Happy Feet: The Healthy, Pretty, Pain-Free Foot Care Guide
5 Pain Solutions
The five most common things that can go wrong down there -- and how to eliminate every last ache and pain.
- Foot Cramps
Those weird muscle spasms that can make your toes or arches lock up.
Make it better: Drink plenty of water, especially when you're active (dehydration is a major cause), and strengthen your feet. "We don't use the small muscles in our feet effectively, so lactic acid builds up and the muscles go into spasm," says Dr. Ross.
Try this: Sit in a chair, place a hand towel on the floor, and pick it up with your foot. Continue, alternating feet, until your toes are tired, and repeat daily.
- Plantar Fasciitis
A sharp pain under your heel due to inflammation of the tissue that connects your heel bone to the base of your toes.
Make it better: Take ibuprofen (if approved by your doctor) and rest your foot for a week or so, advises Dr. Ross. When you start exercising again, take it easy.
Try this: Stretching can help. Cross the ankle of the foot that's bothering you over your opposite knee, then bend your toes back with one hand as you massage the arch of your foot with the other. Do this for 30 seconds three or four times a day. If the pain persists, see your doctor, who may give you a cortisone injection to reduce the inflammation.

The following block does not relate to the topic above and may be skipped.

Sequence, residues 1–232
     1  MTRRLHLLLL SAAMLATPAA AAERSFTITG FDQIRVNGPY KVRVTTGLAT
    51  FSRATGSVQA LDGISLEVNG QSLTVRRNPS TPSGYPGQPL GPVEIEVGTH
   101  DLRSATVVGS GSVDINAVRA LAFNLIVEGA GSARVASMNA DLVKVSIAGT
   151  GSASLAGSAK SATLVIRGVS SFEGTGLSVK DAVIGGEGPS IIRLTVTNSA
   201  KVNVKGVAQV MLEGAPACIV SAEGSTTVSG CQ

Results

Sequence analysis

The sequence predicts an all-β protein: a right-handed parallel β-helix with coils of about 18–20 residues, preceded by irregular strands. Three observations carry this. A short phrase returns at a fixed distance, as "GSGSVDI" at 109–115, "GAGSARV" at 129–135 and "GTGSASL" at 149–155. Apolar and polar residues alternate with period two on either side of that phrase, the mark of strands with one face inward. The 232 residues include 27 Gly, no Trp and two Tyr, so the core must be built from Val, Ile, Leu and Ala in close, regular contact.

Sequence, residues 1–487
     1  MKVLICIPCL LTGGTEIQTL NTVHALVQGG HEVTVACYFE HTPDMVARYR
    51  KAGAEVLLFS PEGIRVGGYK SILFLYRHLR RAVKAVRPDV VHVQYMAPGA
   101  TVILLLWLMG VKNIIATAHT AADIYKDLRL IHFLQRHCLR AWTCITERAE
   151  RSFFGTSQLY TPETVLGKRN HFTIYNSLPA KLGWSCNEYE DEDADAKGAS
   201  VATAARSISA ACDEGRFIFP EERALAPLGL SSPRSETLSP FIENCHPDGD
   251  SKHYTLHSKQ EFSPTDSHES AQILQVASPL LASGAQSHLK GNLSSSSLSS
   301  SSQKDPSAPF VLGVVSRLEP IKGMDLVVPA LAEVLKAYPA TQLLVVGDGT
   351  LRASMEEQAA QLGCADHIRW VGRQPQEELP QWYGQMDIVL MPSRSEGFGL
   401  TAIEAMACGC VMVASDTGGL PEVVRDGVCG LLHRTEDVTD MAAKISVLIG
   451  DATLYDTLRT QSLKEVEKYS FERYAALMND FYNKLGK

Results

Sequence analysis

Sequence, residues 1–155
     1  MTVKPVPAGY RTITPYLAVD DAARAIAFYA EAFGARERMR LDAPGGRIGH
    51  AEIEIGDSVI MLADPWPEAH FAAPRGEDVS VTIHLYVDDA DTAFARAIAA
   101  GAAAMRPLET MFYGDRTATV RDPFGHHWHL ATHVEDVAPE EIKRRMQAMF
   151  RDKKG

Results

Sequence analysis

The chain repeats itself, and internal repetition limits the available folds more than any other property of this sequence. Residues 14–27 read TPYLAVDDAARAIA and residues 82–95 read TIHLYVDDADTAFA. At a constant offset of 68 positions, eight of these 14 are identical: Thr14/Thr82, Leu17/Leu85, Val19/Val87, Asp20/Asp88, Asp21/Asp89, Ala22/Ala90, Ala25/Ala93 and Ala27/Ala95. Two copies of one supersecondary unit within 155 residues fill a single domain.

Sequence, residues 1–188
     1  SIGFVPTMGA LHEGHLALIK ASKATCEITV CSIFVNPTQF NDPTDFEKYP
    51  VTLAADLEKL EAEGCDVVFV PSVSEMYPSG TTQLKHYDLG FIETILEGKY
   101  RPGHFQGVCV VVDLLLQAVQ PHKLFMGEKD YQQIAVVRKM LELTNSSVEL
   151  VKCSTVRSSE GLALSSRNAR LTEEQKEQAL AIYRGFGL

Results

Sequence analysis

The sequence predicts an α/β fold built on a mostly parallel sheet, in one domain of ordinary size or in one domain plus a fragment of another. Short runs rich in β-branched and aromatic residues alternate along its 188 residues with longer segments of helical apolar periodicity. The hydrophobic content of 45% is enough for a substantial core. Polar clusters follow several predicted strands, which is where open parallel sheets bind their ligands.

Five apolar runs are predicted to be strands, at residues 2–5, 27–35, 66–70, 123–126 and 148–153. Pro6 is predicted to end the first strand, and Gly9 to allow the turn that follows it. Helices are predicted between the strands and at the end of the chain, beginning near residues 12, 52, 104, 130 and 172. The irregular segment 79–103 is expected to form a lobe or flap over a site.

- Plantar Warts
These crop up on the soles of your feet and are caused by a viral infection.
Make it better: Apply an over-the-counter wart treatment, such as a salicylic acid patch. If it doesn't clear up in a few weeks, see your doctor for a more potent in-office treatment, such as freezing the wart off, says Dr. Ross.
- Stress Fracture
A small crack in a bone in your foot (for runners, often in the forefoot) that causes pain and swelling. Suddenly upping the intensity or frequency of your workouts can cause this, says Dr. Ross.
Make it better: Go easy on yourself. Light, low-impact exercise -- walking or swimming -- is okay if it's not painful. Otherwise, take a break for a few days. Stress fractures often heal on their own, but if the pain persists after several weeks, see your doctor to rule out a more severe break, advises Dr. Ross. Once you're feeling better, be sure to up the intensity of your workouts gradually.
- Achilles Tendinitis
A sharp pain above your heel bone that occurs when you stand or walk, caused by inflammation of the tendon that runs up the back of your ankle. People who have mild cases often notice the pain only after exercising.
Make it better: Avoid strenuous activity for a few weeks and take a nonsteroidal anti-inflammatory (NSAID) such as ibuprofen or acetaminophen (if approved by your doctor) to ease soreness and swelling. And be sure to stretch the area before working out. "Wearing heels, then exercising without stretching first, puts extra stress on the tendon," says Dr. Ross.
Try this: To limber up, lower your heels off a step and hold for 10 seconds. Do this two or three times daily, with your knees bent, then straight (this hits different parts of the tendon). As with any injury that is very painful or doesn't get better in a few weeks, see your doctor.
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